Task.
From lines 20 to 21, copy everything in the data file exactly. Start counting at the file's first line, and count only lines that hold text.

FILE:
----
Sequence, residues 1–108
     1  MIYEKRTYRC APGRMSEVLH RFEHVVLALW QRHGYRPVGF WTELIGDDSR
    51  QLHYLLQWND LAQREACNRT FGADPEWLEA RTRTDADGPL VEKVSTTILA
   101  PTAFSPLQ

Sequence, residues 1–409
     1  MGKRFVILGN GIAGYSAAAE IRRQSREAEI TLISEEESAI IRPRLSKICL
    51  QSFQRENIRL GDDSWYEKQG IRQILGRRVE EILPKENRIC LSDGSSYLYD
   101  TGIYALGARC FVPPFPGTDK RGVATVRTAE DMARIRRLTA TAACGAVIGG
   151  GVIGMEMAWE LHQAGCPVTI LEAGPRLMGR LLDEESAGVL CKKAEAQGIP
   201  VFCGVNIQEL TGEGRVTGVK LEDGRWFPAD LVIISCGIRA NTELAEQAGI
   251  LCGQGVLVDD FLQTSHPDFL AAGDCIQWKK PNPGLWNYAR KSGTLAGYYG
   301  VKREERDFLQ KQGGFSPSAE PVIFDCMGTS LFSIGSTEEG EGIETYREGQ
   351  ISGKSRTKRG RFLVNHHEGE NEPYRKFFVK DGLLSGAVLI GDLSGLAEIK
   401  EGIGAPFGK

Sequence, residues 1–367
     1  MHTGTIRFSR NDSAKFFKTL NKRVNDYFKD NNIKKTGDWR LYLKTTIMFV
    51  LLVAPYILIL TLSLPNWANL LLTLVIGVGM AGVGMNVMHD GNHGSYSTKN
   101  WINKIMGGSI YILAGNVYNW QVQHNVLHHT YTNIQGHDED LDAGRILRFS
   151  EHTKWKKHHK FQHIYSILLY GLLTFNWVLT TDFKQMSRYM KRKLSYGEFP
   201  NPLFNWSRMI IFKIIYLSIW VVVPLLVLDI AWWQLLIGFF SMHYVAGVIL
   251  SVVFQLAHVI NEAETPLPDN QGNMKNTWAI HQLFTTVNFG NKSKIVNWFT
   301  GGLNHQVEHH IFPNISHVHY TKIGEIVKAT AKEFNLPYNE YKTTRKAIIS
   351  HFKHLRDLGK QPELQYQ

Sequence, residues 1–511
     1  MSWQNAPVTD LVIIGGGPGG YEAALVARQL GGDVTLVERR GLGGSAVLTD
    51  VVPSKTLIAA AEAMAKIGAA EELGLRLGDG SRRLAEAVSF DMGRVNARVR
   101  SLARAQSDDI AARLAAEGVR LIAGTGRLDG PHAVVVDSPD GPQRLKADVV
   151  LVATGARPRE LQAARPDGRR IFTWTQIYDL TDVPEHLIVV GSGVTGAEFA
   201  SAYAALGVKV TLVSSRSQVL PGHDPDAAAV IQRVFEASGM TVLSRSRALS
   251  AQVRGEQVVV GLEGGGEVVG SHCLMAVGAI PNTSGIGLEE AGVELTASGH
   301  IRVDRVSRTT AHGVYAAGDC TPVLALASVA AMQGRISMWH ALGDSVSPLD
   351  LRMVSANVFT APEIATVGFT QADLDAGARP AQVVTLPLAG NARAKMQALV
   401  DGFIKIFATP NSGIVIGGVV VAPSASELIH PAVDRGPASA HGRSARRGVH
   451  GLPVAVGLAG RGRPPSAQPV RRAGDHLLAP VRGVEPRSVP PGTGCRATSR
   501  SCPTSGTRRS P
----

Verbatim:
   201  NPLFNWSRMI IFKIIYLSIW VVVPLLVLDI AWWQLLIGFF SMHYVAGVIL
   251  SVVFQLAHVI NEAETPLPDN QGNMKNTWAI HQLFTTVNFG NKSKIVNWFT